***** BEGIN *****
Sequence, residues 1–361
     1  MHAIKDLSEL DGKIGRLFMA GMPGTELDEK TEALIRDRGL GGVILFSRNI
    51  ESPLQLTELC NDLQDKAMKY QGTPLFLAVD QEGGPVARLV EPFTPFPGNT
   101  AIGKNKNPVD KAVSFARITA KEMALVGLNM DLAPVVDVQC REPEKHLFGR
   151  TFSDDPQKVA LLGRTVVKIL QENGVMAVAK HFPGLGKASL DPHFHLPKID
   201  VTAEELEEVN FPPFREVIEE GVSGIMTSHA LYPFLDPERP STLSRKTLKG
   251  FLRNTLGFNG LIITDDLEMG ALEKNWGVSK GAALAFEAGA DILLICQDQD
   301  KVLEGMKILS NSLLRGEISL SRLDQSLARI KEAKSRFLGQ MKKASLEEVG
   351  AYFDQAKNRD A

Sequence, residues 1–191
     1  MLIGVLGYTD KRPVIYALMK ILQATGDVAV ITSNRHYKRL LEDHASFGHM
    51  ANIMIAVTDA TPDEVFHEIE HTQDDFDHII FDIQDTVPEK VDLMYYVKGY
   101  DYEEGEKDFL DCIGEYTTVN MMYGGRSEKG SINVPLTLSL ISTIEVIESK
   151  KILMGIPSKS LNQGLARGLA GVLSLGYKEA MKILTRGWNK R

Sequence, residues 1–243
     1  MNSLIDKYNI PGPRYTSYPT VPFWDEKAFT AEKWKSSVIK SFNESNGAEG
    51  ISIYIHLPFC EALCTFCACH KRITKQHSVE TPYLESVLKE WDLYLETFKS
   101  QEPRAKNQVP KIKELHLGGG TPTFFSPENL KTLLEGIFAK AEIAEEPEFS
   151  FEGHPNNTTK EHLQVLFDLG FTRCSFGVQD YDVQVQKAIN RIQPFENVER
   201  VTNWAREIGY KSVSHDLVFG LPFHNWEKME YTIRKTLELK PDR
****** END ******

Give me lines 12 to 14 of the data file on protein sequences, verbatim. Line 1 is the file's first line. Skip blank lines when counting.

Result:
    51  ANIMIAVTDA TPDEVFHEIE HTQDDFDHII FDIQDTVPEK VDLMYYVKGY
   101  DYEEGEKDFL DCIGEYTTVN MMYGGRSEKG SINVPLTLSL ISTIEVIESK
   151  KILMGIPSKS LNQGLARGLA GVLSLGYKEA MKILTRGWNK R